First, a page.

Soundscapes

I was keen to see the National Gallery’s Soundscapes, which has been curated by Minna Moore Ede, who organised the exhibition Metamorphosis in which three contemporary artists responded to Titian.   This time she has got six contemporary composers and sound artists to respond the paintings in the National Gallery’s collection.   The point is to get visitors to slow down, to listen as well as to look, and respond to art through all their senses.   First is Gallen-Kallela’s Lake Keitele interpreted by Chris Watson, a sound engineer who recorded bird song not in Norway where there is too much sound pollution, but instead in Northumbria:-

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Albert Bridge

I walked back over Albert Bridge, an amazing piece of Victorian engineering, connecting the residential parts of Battersea to Chelsea.   It was originally designed by Rowland Mason Ordish in 1873 and was then reinforced a decade later by Joseph Bazalgette.   Soldiers must break step as they cross it:-

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The DoodleBar

I was asked to lunch in the DoodleBar in Battersea, a part of town I scarcely know:  the old Ransome’s Dock with Norman Foster’s office on the river behind:-

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Luxborough Tower

I have been reading Nicholas Taylor’s The Village in the City, a classic of early 1970s invective against the inhumanity of tower blocks, which made me interested to see how well Luxborough Tower survives behind the University of Westminster, now semi-privatised, but designed in 1965 on the site of a Victorian workhouse in the high noon of tower blocks:-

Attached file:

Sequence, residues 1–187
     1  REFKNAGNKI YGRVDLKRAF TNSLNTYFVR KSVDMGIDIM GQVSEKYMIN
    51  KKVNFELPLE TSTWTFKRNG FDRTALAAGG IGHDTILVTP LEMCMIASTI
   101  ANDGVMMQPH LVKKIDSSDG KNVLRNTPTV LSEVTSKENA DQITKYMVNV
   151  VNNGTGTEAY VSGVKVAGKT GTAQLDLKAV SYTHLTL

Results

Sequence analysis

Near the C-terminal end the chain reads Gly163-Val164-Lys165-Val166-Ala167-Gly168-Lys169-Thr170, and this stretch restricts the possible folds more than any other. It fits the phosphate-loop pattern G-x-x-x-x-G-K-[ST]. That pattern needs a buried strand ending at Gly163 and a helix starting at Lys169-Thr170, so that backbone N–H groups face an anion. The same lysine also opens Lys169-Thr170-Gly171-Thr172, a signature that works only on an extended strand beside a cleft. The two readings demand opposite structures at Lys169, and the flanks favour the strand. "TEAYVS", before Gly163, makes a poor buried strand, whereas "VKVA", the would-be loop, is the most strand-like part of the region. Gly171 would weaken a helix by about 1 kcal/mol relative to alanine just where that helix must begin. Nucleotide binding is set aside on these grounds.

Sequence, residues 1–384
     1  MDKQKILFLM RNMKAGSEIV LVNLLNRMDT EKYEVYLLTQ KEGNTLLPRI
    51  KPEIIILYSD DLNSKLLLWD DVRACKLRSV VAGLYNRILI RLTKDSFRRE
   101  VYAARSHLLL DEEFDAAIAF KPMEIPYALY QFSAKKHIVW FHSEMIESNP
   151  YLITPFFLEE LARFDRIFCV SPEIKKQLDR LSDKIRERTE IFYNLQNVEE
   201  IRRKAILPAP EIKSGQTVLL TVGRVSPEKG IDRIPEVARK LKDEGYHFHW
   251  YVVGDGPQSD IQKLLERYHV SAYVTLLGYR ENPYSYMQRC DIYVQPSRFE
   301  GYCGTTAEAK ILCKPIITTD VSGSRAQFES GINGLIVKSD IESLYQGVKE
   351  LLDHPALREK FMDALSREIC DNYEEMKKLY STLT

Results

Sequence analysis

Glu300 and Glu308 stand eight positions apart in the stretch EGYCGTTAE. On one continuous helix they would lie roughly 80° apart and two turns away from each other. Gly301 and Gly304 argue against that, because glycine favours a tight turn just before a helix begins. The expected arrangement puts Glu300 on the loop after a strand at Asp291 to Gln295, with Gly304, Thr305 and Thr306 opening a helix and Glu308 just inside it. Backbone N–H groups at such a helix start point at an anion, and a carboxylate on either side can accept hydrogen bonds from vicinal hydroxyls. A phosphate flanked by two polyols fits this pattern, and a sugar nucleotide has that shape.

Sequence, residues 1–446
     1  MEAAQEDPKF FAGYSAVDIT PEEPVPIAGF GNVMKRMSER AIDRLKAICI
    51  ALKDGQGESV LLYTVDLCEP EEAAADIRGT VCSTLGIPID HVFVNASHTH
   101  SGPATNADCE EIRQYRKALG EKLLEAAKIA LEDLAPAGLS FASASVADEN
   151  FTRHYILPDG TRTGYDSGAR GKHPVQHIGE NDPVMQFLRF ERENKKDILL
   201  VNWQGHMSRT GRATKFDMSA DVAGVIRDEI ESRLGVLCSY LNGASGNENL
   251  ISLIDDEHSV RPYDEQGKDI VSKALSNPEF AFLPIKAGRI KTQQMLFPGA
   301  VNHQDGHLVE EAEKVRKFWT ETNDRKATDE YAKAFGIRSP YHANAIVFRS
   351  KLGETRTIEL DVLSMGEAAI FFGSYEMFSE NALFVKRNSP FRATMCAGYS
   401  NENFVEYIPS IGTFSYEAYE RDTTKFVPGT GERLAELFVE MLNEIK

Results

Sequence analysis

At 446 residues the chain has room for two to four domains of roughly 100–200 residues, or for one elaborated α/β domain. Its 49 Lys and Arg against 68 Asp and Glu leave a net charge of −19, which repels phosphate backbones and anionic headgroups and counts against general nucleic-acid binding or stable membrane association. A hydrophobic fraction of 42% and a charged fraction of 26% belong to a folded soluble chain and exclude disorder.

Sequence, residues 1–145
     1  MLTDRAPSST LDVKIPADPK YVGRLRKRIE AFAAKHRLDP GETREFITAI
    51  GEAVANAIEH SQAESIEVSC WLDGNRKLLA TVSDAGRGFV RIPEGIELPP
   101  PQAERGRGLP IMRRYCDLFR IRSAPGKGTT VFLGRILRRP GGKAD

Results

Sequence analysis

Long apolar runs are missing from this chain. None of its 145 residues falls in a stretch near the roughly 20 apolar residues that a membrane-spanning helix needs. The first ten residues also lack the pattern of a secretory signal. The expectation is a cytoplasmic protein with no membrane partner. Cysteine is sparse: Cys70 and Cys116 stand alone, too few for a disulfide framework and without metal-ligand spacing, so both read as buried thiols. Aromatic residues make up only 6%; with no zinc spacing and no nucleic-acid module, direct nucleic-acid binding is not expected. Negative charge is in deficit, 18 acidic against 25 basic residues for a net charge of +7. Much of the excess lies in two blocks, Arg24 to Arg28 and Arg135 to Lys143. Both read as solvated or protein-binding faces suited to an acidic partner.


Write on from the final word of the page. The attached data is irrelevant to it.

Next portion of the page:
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Brook Street

I found myself in the west end today which I normally try to avoid at the weekend.   It gave me time to examine the detailing on some of the houses in Brook Street at the Hanover Square end.   This is Nos. 14-16 with what Pevsner describes as ‘undercooked-looking’ terracotta:-

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This is Nos.2-4, Jacobethan by C.O. Parnell:-

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Breakfast at the Ritz

It’s a long while since I’ve had breakfast at the Ritz where we used to conduct a lot of business when I was at the NPG.   We were choosing the winners of this year’s Mayfair Awards.   I’m not the best person to choose a jeweller and am sadly unable to distinguish the qualities of the Savile Row tailors, but enjoyed the opportunity to find out about new pop-up coffee shops.   Underlying a lot of the discussion was the distinction between new Mayfair – the many new shops which have opened in the last year – and the old Mayfair of grand hotels, auction houses and gun shops.   Sad to hear that Dover Street Market may be moving out:-

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St. Paul’s Cathedral

I was told last night that much the best view of St. Paul’s Cathedral was from the roof of One New Change, the large and not very prepossessing shopping mall which dominates its chancel end.   It’s true that, rather amazingly, long before the shops open, it is possible to take the lift up on to the roof and there survey not just the great dome of St. Paul’s, but the whole of London and its changing roofscape beyond:-

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